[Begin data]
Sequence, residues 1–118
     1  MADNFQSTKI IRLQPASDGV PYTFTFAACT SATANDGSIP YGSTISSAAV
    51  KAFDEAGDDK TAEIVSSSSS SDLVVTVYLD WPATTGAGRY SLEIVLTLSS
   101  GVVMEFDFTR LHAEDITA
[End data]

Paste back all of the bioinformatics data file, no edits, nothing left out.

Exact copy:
Sequence, residues 1–118
     1  MADNFQSTKI IRLQPASDGV PYTFTFAACT SATANDGSIP YGSTISSAAV
    51  KAFDEAGDDK TAEIVSSSSS SDLVVTVYLD WPATTGAGRY SLEIVLTLSS
   101  GVVMEFDFTR LHAEDITA